If you could snap your fingers and make your school bully disappear, would you? That is the question posed here in this chilling tale of revenge called “Mean Creek”. Sam is beaten by the school bully George one time too many, and now Sam’s brother and his friends are intent on seeking revenge on George by luring him out to the river and playing a nasty prank on him, but things go horribly wrong. Much like “Deliverance” being a tale of paranoia and the mind becoming the worst enemy after a tragedy, “Mean Creek” is a younger more contemporary tale of an incident spawning a tragedy which has dire consequences.
Those consequences which could have a grave punishment; it’s the tale of a group of people within the scope of the tragedy forced to make a decision, not a good one mind you, but still a decision that they have to live with as long as each of them live. “Mean Creek” is perhaps one of the best variations on the cruelty of children good and bad and what their choices can mean in the future, and brings about the question: where are the parents? “Mean Creek” is a very gripping and very grim piece of filmmaking exploring the brash cruelty of the young. Each kid is cruel, each kid drinks, each kid has an undeniable fascination with sex, and every kid curses like a sailor.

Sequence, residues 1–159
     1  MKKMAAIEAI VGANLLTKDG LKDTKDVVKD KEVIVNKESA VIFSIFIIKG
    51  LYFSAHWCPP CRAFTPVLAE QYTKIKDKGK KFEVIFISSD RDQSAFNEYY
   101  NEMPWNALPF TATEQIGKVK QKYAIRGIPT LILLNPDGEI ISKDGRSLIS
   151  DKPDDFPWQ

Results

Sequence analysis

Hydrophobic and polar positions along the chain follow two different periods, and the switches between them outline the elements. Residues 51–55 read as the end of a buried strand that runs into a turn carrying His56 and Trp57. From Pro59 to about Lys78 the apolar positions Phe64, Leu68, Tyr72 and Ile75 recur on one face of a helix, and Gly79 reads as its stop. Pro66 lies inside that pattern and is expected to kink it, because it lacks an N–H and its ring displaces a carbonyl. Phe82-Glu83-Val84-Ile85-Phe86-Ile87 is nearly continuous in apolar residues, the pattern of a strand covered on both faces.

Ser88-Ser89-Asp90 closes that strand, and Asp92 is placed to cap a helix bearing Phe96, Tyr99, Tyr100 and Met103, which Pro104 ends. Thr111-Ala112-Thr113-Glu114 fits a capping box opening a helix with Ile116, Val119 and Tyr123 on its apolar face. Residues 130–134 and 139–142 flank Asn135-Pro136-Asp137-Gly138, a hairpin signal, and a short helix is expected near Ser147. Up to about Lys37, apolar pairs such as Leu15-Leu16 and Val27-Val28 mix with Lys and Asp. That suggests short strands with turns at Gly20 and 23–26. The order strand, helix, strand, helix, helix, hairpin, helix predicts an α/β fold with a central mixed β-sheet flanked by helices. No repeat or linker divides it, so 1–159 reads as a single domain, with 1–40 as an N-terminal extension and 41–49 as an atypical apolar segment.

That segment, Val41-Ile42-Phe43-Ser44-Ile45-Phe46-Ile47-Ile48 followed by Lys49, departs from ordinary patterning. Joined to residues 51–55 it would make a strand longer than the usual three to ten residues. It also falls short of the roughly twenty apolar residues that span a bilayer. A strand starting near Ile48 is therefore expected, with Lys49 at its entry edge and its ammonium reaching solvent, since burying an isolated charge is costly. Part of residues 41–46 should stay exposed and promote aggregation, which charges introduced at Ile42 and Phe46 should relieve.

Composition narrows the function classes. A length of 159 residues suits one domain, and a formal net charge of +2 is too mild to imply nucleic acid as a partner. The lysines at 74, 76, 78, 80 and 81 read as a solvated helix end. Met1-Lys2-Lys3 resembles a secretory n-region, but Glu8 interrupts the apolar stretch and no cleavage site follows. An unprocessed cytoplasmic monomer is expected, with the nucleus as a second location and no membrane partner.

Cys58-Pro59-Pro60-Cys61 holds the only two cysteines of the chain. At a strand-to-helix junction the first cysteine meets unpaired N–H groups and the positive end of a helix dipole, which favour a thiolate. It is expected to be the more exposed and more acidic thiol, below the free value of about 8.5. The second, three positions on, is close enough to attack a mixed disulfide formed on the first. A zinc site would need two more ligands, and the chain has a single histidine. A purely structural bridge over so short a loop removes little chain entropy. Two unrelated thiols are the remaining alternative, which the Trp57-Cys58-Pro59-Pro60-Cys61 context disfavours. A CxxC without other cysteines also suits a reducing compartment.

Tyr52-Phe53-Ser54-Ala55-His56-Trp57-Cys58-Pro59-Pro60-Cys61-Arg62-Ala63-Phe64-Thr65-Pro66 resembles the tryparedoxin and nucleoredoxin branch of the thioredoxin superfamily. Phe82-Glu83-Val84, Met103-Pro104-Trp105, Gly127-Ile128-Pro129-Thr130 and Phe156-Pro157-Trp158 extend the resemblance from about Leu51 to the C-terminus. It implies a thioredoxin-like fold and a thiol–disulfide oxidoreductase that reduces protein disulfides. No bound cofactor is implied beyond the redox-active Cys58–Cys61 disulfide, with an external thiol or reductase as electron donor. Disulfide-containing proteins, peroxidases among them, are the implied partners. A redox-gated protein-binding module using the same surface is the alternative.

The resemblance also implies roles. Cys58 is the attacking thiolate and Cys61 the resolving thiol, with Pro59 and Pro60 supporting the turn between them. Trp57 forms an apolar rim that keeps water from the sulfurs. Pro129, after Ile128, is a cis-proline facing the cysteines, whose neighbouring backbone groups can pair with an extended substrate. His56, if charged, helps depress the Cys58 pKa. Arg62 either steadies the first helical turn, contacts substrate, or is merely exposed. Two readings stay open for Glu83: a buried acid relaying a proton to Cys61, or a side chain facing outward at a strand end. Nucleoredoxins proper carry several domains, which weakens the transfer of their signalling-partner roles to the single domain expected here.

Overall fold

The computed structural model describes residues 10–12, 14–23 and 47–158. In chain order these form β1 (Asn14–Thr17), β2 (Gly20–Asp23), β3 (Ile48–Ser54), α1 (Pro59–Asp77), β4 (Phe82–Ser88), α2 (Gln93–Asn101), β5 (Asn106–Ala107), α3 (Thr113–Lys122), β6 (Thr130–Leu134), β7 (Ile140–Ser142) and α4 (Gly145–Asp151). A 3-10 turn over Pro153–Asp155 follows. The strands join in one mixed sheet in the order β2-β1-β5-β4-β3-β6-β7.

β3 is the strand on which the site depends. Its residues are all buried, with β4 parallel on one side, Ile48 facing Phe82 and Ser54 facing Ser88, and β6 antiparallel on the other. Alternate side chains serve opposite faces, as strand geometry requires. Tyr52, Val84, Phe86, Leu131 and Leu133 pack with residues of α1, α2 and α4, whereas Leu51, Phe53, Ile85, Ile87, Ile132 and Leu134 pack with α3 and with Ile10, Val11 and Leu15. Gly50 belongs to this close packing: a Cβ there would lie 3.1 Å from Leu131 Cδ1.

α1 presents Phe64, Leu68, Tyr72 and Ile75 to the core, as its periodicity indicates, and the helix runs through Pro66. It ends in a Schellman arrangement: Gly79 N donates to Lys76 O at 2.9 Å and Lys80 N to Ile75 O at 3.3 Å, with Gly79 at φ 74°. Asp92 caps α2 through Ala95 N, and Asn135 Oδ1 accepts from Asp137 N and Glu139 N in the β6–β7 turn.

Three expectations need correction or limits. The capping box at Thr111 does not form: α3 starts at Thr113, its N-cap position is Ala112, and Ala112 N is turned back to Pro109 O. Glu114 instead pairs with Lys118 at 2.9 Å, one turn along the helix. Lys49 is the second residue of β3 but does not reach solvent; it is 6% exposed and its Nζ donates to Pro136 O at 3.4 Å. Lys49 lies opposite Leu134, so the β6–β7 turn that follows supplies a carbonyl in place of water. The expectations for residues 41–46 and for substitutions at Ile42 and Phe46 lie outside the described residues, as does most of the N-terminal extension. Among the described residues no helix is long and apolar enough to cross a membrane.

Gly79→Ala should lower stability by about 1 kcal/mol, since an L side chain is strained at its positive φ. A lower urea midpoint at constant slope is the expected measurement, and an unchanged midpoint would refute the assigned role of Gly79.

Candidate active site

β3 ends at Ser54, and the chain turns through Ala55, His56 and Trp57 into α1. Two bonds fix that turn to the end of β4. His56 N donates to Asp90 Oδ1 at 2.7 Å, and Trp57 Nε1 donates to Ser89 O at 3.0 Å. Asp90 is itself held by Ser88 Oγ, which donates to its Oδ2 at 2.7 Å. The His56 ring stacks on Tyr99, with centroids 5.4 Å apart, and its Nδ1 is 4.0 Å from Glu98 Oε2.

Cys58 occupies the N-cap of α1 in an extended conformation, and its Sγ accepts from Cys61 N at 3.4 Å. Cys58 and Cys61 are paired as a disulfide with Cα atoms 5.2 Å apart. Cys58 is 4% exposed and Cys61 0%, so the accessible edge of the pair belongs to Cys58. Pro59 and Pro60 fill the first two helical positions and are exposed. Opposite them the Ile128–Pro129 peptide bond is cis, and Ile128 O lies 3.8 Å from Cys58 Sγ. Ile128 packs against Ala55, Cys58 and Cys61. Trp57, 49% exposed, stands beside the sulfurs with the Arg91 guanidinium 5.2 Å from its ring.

Each character in the movie is three-dimensional and each of them helps us watch these events unfold with their own issues which in some way or another help contribute in the final acts played against the character George. It’s honest, and it tells that sometimes revenge isn’t always the best decision. The character Marty is not only seeking vengeance on George for being a bully, but mostly acting out his aggressions towards his own older brother for being abusive. They’re all in some way or another seeking vengeance on their own troubled lives through George, not simply for being a bully, but for being alive; he’s their excuse for acting out against the troubles in their lives. What I appreciated was what director Estes tried to get across to the audience.
We learn a lot about the character George and he lets us make up our own minds about whether he’s a really bad person who deserves what he may get, or just a distraught sad person who just needs to be given a chance. What we learn about George soon becomes the deciding factor on whether think that these kids’ plan for revenge may not be such a good idea. Ultimately, what turns out as a tale of revenge also becomes a very effective tale of morals, conscience, and peer pressure. In the end “Mean Creek” serves as the ultimate chilling word of warning to anyone: for every action, there’s inevitably a consequence, and many times you can pay with those consequences.